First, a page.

On TV, Garner also appears in the Christmas episode of the final season of 8 Simple Rules... as the grandfather character. Don't miss Garner donning a Santa suit just to please C.J., played by David Spade. This episode is entitled 'A Very C.J. Christmas.'

Monday, April 5, 2010

John Forsythe RIP

Actor John Forsythe will be well remembered for years to come for the many roles he played in film and on television. My favorite is Blake Carrington. In this holiday episode of Dynasty, Blake demonstrates just how hard it is to put up some family members at Christmas time.

Sunday, April 4, 2010

Thursday, April 1, 2010

From the Big Screen to the Little Screen, Part 2

Okay, I'm running a little late to end my tribute to the Oscars...so let's just call this March 32nd.

In Part Two, I wanted to acknowledge Oscar-honored Christmas films that have inspired television re-makes. 1946's It's A Wonderful Life was nominated for four Oscars including Best Picture and Best Director. However, it was interpreted as a made-for-TV movie in 1977 as It Happened One Christmas starring Marlo Thomas as the story's female lead Mary Bailey, Orson Welles as Harry Potter and Wayne Rogers as the husband, George Bailey. This movie is very rare and as far as I can tell, hasn't re-aired on television in decades. Though many critics didn't like it, I'm dying to see how they re-interpreted the story to fit a female lead.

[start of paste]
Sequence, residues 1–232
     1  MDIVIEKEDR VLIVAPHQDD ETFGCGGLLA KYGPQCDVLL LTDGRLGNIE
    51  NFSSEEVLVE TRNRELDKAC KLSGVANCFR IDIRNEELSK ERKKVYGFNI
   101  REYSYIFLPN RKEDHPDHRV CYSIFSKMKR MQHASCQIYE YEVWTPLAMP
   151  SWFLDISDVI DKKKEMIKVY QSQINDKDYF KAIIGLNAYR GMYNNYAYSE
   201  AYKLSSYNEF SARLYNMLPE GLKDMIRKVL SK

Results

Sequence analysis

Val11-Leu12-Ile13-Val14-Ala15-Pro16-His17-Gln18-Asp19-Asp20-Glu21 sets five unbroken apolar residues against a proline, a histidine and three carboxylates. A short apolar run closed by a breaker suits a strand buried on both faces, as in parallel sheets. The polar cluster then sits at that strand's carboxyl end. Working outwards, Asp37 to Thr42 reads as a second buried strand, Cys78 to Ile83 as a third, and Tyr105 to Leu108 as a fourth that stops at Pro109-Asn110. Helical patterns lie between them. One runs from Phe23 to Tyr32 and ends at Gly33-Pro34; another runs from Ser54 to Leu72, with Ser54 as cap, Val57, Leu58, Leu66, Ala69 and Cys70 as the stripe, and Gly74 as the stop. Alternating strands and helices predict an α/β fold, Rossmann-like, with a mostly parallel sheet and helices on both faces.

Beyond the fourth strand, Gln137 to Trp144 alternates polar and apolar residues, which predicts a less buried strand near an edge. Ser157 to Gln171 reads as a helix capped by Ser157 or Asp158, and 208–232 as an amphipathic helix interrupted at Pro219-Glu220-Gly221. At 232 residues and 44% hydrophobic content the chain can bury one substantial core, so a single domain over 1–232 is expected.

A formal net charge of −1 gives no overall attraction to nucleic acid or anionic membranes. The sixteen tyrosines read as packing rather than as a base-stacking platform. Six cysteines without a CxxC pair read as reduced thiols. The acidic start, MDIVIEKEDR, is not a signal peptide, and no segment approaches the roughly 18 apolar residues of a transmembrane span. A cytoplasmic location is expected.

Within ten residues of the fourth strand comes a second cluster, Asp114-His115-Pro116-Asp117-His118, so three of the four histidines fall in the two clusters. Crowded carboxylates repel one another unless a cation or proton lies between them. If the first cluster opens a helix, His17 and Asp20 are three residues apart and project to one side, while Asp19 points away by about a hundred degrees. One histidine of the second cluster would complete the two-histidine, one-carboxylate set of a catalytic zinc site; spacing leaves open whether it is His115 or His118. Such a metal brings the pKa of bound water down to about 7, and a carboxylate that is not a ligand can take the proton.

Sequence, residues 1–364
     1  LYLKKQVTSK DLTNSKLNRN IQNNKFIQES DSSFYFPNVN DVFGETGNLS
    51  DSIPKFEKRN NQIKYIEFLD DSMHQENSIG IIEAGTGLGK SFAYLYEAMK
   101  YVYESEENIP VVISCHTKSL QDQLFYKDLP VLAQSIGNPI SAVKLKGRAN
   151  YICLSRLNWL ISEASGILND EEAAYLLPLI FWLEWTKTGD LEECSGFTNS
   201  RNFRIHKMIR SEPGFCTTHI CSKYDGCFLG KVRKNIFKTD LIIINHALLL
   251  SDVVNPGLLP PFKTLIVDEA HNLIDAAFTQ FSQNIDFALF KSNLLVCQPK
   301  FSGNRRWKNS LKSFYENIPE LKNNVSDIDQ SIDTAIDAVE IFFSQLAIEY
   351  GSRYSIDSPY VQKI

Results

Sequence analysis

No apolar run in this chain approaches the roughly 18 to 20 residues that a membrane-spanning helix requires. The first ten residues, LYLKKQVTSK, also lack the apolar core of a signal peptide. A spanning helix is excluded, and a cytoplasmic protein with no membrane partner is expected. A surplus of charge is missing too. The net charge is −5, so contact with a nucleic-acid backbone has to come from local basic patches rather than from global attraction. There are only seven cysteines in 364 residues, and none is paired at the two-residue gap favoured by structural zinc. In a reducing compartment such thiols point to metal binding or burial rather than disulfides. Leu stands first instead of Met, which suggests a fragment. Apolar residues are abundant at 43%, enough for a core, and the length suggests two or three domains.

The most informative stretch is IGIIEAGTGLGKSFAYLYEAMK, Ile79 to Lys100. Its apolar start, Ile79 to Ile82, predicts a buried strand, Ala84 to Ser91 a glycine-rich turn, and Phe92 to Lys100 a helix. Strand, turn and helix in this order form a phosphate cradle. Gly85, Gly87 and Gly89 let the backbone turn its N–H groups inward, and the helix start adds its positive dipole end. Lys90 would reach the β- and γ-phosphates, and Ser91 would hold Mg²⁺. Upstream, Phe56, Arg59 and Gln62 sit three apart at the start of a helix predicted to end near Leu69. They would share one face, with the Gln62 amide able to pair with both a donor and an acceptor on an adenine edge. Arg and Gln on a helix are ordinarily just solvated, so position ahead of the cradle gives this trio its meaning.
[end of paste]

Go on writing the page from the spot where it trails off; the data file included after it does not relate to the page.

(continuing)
1947's Miracle on 34th Street was nominated for Best Picture but won three Oscars (Best Actor: Gwenn, Best Screenplay: Seaton, Best Original Story: Davies). The story was adapted several times for television anthology series episodes. However, it was also a 1973 made-for-TV movie starring Sebastian Cabot as Kris Kringle. This version has never charmed the critics but it is still worth seeing. The last several years, it has seen a resurgence in popularity and has been re-broadcast nationally at Christmas time.

And, 1944's Going My Way starring Bing Crosby and Barry Fitzgerald won seven Oscars. Okay, I know, I know--this film is NOT Christmas-themed however, it has been broadcast nationally on TV at Christmas time for decades. (It does contain a scene with Bing Crosby singing 'Silent Night' with his boys choir.) With the sequel, The Bells of St. Mary's, these two films share a very close association with Christmas. Anyway, the movie inspired a TV series also entitled Going My Way with Gene Kelly in the role of Father O'Malley. This program appears to have a Christmas episode, 1962's 'Keep an Eye on Santa Claus.' I'd love to see the holiday installment of this rare series.